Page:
Gary Vaynerchuk’s podcast on Document, Don’t Create changed my life forever. Creating can be great — but only for ads and short-term attention. Documenting is how you build a real, authentic personal brand that inspires, builds trust, and creates loyal fans. Now my business strategy involves a healthy balance of documenting and creating, and it works. Create captivating or funny video ads for immediate attention. Then re-engage by documenting your authentic self to create life-long fans. That’s how to build your brand and still sleep at night.
—Cameron Fous, founder of FOUS4Trading, and host of #TheProfile for IKNK. Read about Fous: How a Tinder Date Inspired This Wolf of San Diego to Trade His Maserati for a Scooter. Follow on YouTube and Instagram
5. “The Tim Ferris Show,” Episode 329: Jason Fried — How To Live Life On Your Own Terms
Hearing Tim Ferriss and Jason Fried talk about living life on your own terms is the winner for me. This episode is like listening in on a fireside chat with two masters of building a truly unique life, business, and reality that is based on your terms. It’s a topic near and dear to me and a constant reminder that we can question the status quo.
We live in a world where our career and business options are only limited by our perceptions and creativity. Ferris has long championed the idea of lifestyle design and building a business to support your lifestyle. Fried built Basecamp (formerly 37signals) and embodies the concepts that Ferris champions. As someone who was massively impacted by Fried’s early work with “Getting Real,” “ReWork,” and the Signal v. Noise blog, it was amazing to hear what life looks like for him almost a decade later. It’s also encouraging that he’s still living and creating on his terms.
6. “Today’s Growth: Growing Business Today,” Episode 5: Lightning Fast Growth
In this episode, Ken Courtright talks about how to grow any business lightning fast. I remember listening to this podcast several times, then immediately going to my desk to get to work. He gives specific, easy, and eye-opening tips that you can implement immediately. For example, he talks about partnering with other businesses to endorse each other in creative ways. But you have to do this with the right people, so he provides specific questions to ask so you can find them.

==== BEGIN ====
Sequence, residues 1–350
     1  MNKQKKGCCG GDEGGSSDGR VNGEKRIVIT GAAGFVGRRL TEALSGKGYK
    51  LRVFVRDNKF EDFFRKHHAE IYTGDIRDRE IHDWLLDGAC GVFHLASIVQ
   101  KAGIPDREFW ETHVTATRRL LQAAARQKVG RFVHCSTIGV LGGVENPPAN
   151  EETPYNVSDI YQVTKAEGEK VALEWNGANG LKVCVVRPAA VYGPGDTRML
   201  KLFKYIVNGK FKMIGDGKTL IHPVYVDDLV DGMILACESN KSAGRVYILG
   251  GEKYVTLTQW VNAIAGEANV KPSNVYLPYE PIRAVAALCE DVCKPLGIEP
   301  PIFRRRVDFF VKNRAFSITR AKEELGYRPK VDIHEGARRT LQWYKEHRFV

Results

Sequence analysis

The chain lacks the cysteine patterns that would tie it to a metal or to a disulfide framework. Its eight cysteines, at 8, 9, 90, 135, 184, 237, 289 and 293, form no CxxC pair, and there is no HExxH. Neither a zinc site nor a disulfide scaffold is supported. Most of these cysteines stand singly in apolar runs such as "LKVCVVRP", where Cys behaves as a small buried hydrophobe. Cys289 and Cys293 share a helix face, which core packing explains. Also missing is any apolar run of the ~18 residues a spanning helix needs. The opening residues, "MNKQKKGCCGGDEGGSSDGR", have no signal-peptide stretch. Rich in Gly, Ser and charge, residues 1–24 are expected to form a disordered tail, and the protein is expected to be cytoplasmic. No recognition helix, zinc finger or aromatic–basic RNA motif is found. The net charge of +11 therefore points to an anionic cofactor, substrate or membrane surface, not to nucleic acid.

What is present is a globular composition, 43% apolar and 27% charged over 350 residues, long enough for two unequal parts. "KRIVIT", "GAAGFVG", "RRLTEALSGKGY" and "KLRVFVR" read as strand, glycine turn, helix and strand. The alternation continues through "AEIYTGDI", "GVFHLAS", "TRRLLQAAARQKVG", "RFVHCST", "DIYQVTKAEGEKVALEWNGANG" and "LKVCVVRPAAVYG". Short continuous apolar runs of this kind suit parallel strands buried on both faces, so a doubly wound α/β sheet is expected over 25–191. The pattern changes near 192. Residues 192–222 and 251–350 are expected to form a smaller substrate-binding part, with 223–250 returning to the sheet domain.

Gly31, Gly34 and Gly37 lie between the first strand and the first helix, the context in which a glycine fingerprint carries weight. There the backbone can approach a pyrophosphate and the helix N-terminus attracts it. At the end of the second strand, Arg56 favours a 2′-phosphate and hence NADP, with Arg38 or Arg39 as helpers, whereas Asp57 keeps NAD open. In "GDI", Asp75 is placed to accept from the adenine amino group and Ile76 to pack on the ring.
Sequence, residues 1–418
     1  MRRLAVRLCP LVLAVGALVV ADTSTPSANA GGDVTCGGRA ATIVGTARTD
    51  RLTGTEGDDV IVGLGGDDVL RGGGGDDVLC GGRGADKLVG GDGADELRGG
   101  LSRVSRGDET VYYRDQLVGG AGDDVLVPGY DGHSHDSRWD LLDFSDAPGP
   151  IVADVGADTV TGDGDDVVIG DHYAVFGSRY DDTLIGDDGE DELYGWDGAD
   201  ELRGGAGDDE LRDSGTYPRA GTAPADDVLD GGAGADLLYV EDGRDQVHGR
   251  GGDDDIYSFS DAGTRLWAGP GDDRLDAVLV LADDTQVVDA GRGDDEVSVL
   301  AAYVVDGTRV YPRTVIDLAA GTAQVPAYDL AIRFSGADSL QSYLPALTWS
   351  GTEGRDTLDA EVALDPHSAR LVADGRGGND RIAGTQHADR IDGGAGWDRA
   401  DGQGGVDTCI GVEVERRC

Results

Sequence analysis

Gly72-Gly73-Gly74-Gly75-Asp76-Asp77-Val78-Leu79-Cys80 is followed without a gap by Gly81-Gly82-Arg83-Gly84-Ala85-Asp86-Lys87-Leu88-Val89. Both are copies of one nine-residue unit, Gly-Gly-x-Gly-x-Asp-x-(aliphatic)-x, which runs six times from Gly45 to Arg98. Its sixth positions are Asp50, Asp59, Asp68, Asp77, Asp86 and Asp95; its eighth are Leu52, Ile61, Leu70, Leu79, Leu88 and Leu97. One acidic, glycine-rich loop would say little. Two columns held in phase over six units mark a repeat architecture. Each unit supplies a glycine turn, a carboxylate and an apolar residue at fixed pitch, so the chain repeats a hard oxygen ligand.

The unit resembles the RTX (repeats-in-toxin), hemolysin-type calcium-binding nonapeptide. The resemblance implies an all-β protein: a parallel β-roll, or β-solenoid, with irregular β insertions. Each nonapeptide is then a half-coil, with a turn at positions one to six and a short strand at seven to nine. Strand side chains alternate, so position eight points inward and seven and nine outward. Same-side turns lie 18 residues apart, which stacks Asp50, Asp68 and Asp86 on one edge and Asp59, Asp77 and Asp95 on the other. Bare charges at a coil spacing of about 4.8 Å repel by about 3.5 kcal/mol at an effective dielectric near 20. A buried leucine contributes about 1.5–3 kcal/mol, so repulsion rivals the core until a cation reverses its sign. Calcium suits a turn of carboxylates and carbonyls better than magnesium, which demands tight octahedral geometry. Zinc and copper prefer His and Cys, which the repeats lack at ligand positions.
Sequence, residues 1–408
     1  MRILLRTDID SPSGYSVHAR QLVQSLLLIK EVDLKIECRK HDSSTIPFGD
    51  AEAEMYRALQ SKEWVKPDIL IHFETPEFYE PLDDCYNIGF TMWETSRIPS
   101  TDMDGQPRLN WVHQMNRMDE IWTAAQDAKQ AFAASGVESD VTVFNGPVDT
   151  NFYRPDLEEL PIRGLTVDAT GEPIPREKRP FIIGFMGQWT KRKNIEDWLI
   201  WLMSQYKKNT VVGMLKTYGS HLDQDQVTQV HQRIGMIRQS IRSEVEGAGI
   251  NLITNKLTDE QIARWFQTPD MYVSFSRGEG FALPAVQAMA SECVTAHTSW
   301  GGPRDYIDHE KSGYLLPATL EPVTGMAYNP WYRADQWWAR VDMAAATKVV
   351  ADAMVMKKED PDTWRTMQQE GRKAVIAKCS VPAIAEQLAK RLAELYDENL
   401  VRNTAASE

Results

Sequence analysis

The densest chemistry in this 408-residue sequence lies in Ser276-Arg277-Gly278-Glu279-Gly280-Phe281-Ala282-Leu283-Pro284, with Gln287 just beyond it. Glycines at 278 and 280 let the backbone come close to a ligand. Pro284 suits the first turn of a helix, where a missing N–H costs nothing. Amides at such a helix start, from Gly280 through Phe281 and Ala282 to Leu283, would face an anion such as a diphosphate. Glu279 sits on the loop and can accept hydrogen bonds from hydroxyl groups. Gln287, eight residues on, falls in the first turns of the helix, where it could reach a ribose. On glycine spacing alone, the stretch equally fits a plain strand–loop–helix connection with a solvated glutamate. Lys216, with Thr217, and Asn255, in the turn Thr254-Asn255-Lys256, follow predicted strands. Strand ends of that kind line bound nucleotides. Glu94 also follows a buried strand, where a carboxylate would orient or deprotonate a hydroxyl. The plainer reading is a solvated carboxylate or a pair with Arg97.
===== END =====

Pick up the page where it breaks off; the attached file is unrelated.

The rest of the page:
Episode 12 is also full of tips to grow your business, including how to become an author. (Courtright is a best-selling author in addition to being the founder and CEO of The Income Store). The whole podcast is great for efficiency and productivity, with tons of tips that truly work.
7. Any episode of “More Cheese Less Whiskers” By Dean Jackson
My brain is always coming up with ideas. If you’re an entrepreneur, you’re probably the same. But which ideas do we take action on and which do we put in the “not now” pile? This podcast gives a ton of clarity about answering that question.
I’m not a big podcast guy, so it’s hard for one to impress me. “More Cheese Less Whiskers” is the only one I subscribe to. Jackson has the most lucid marketing mind I’ve ever seen.
8. “The Joe Rogan Experience,” Episode 910: Gary Vaynerchuk
Vaynerchuk’s insights in this episode relate to almost everyone. For example, he says it’s important to learn from those who are experts and have actually done what they teach. Becoming self-aware is also tremendously powerful. Understanding yourself in all situations, from business to relationships, will lead to a happier life. Gratitude is the key to becoming successful. Negative thoughts never lead to a positive outcome.
From a marketing perspective, Vaynerchuk discusses how voice technology will be huge in the next few years. Well-known brands will die if they rely on traditional TV advertising rather than adopt a “digital marketing first” mentality.
Originally published on Forbes.com. ©2018 by Forbes Media LLC. All rights reserved.